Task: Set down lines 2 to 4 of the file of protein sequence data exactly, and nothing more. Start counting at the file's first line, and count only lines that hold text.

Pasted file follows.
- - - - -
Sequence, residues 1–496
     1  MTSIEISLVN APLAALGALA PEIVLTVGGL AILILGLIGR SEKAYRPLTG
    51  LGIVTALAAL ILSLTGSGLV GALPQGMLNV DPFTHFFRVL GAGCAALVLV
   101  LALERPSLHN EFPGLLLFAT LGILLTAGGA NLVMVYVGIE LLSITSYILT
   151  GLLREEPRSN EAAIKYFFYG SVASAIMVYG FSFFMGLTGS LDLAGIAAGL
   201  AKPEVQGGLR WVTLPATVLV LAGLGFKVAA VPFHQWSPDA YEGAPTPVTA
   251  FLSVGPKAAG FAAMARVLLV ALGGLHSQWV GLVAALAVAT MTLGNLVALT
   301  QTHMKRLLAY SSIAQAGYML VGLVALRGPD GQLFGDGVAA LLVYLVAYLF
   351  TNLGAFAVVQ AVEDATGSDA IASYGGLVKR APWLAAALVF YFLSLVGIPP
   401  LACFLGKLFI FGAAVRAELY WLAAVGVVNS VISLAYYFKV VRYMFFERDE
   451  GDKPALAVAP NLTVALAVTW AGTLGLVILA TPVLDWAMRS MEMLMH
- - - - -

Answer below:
     1  MTSIEISLVN APLAALGALA PEIVLTVGGL AILILGLIGR SEKAYRPLTG
    51  LGIVTALAAL ILSLTGSGLV GALPQGMLNV DPFTHFFRVL GAGCAALVLV
   101  LALERPSLHN EFPGLLLFAT LGILLTAGGA NLVMVYVGIE LLSITSYILT